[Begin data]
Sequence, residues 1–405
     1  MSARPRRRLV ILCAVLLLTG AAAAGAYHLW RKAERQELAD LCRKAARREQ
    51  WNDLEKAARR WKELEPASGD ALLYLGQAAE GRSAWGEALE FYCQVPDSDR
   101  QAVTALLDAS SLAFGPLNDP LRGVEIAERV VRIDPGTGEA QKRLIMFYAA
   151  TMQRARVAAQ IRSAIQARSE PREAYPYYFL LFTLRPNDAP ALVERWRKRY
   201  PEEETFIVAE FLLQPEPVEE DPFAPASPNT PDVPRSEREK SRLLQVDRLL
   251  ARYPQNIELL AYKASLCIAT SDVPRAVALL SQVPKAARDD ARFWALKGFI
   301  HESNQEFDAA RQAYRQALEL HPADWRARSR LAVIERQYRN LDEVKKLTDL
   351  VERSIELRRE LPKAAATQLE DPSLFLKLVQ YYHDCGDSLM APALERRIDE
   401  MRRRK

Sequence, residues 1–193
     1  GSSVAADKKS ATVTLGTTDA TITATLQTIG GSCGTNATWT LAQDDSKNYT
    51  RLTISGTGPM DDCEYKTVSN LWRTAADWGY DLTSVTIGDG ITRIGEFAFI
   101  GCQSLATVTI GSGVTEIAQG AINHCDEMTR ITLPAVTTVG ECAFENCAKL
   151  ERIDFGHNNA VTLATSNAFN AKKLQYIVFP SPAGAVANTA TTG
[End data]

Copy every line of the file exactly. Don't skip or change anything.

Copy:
Sequence, residues 1–405
     1  MSARPRRRLV ILCAVLLLTG AAAAGAYHLW RKAERQELAD LCRKAARREQ
    51  WNDLEKAARR WKELEPASGD ALLYLGQAAE GRSAWGEALE FYCQVPDSDR
   101  QAVTALLDAS SLAFGPLNDP LRGVEIAERV VRIDPGTGEA QKRLIMFYAA
   151  TMQRARVAAQ IRSAIQARSE PREAYPYYFL LFTLRPNDAP ALVERWRKRY
   201  PEEETFIVAE FLLQPEPVEE DPFAPASPNT PDVPRSEREK SRLLQVDRLL
   251  ARYPQNIELL AYKASLCIAT SDVPRAVALL SQVPKAARDD ARFWALKGFI
   301  HESNQEFDAA RQAYRQALEL HPADWRARSR LAVIERQYRN LDEVKKLTDL
   351  VERSIELRRE LPKAAATQLE DPSLFLKLVQ YYHDCGDSLM APALERRIDE
   401  MRRRK

Sequence, residues 1–193
     1  GSSVAADKKS ATVTLGTTDA TITATLQTIG GSCGTNATWT LAQDDSKNYT
    51  RLTISGTGPM DDCEYKTVSN LWRTAADWGY DLTSVTIGDG ITRIGEFAFI
   101  GCQSLATVTI GSGVTEIAQG AINHCDEMTR ITLPAVTTVG ECAFENCAKL
   151  ERIDFGHNNA VTLATSNAFN AKKLQYIVFP SPAGAVANTA TTG